Behind me is a large room, delicately lit by cylindrical lights hanging from wall hooks and lights with more traditional-shaped lampshades hanging overhead, the bulbs a subtle wattage, the shades criscrossed with metal cracks that actually compose the frames for the lampshades. A steady dance beat pulses quietly. The tables are all round, maroon or red, the chairs all mahogany wood with round seats and curved backs.
In front of me, through open window-doors that frame my sides, is a street busy with cars and pedestrians. The tables are the same outside, but the chairs are wicker, with red and tan plastic caning. Two women (in their early twenties) sit between me and the street, both with sunglasses and both with relatively long hair, though one's hair is loose (she is wearing a long-sleeved brown top and elaborate earrings) and the other's is wrapped tight in a braid at the back (her hair is lighter and a little shorter, and she wears a short-sleeved yellow top). They both smoke.
A man and women (fifties?) sit nearby. No doubt tourists because the man got up to take a picture of his wife with a camera that had a larger than usual lens. He's lumbered off somewhere, while his wife in her wire-frame sunglasses and greying short hair sits and watches the pedestrians as though she were at a tennis match. Now he's come back ,and they start to walk down the street towards my left, moving out of view. The waiter in white shirt and black pants comes immediately and clears off their table -- he has a perennial sour look upon his face but otherwise resembles a young Jerry Lewis. Now a new waiter has arrived in the same outfit, but he has a lighter skin color, hair clipped shorter, more chest showing because of an extra open shirt button, and glasses.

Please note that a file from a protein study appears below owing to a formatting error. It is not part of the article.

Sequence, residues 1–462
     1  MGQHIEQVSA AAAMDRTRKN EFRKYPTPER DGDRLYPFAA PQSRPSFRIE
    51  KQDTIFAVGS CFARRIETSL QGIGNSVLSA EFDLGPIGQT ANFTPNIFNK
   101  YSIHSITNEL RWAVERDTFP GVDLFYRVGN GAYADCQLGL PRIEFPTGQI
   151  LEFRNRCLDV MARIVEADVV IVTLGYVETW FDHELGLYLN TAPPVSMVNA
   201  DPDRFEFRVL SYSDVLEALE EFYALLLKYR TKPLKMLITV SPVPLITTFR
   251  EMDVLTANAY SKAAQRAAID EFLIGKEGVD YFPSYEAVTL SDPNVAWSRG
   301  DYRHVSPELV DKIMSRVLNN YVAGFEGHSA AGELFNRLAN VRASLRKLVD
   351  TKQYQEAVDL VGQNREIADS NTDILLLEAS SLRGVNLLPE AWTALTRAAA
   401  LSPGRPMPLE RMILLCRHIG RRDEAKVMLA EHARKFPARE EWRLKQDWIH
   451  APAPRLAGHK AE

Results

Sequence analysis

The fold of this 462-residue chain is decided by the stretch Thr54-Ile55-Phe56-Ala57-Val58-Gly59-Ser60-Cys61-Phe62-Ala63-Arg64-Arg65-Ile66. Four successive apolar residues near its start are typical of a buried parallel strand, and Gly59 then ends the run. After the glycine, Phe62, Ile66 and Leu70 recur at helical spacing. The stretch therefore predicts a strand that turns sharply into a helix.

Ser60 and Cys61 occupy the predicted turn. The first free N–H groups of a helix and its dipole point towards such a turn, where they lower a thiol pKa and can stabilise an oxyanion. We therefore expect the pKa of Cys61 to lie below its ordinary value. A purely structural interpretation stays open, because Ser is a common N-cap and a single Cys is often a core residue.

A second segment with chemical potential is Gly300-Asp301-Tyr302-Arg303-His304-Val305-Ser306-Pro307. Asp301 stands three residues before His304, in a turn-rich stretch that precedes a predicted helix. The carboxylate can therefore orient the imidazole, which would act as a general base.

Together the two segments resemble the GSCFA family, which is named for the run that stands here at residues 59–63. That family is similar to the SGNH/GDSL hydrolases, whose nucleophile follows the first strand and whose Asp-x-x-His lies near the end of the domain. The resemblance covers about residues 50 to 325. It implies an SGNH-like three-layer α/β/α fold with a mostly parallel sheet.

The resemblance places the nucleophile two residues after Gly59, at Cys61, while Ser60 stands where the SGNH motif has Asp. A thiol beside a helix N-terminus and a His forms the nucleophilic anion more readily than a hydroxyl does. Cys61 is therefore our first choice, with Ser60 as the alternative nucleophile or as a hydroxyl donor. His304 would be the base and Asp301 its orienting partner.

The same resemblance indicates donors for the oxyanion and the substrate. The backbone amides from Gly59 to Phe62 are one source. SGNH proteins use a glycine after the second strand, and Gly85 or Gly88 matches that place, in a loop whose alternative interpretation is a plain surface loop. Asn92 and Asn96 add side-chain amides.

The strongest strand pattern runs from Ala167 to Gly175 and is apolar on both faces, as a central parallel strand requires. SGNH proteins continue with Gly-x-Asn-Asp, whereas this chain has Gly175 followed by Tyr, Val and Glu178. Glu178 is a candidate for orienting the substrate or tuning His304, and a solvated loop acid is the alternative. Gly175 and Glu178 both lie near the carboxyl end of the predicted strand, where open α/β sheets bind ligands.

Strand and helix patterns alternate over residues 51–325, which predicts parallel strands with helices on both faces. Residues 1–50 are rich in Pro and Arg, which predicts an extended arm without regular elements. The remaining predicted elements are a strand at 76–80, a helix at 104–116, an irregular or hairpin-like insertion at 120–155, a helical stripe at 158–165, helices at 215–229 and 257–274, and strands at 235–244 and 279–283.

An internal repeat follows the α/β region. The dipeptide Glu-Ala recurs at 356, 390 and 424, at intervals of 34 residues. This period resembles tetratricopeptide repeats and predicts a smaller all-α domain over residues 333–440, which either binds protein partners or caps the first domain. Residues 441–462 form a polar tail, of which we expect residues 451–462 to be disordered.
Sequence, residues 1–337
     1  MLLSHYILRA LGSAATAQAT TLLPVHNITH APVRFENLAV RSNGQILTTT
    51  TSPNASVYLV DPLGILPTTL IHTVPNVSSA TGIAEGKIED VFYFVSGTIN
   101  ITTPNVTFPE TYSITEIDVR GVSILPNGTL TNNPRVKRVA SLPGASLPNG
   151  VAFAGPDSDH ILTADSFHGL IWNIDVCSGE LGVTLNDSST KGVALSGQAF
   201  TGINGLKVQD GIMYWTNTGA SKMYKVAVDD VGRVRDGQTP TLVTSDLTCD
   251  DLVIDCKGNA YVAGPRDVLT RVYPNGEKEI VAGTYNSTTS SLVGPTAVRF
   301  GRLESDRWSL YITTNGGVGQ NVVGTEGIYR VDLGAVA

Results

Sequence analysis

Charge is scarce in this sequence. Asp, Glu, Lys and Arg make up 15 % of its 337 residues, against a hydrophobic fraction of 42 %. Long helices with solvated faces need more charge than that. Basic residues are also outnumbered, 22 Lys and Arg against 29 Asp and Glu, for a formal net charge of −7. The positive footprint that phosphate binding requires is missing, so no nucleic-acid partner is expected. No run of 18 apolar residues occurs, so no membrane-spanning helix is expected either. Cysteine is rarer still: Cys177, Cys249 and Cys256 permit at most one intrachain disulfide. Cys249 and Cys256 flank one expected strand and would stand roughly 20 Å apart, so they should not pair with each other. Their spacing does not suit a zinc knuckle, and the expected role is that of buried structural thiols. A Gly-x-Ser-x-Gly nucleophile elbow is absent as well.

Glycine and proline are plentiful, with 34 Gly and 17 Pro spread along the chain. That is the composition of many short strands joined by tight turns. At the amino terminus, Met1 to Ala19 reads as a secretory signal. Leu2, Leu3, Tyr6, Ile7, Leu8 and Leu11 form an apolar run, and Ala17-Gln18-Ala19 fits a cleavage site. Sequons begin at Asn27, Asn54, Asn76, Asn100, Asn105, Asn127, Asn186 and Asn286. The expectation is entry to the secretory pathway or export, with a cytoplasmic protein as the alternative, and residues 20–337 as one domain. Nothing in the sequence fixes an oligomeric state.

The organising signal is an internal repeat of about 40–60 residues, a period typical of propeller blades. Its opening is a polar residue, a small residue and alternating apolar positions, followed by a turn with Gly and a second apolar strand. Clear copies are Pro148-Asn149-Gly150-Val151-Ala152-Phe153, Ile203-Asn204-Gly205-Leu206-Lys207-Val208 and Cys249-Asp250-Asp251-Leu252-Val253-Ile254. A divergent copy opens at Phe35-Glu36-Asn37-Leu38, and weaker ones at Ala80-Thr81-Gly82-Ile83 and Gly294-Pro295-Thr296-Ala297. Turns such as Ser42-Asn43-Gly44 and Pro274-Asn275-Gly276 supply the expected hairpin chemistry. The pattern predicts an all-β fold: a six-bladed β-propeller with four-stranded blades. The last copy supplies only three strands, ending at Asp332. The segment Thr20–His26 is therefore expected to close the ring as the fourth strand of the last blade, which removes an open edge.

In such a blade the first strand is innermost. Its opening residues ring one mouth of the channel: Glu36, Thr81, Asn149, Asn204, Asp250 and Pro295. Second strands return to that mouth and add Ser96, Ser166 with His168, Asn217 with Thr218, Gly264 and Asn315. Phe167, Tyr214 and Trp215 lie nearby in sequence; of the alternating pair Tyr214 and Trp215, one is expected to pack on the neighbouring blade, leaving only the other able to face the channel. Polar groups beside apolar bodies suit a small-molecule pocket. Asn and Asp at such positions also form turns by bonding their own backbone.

A thin Asian woman, all vertical lines, walks by wearing a black top hat. Another woman walks by pushing a stroller with a baby tied to her front with what appears to be a complex network of scarves that wrap around her.
Another tourist couple, fiftyish, have sat down directly in front of me. They are each studying their own maps of the city and then trying to match them up with each others.
My espresso came in a relatively large turquoise cup subtly angled to have twelve sides. It sits in a dark peach saucer. It came with a packet of sugar cubes and a gloomy look from the waiter who had to ask the tourists sitting behind me (in English) to let him through so that he could approach my table.
The couple in front of me (that is not them in the photo) have put their maps away and are quietly looking down the street in opposite directions, the man with a small beer in front of him, the woman with a glass of white wine. She is smoking a cigarette, her sunglasses resting on top of her head, nestled in a bed of short, chestnut-colored hair.
4-6 rue de Rivoli
Copyright © 2002 David Sadegh.
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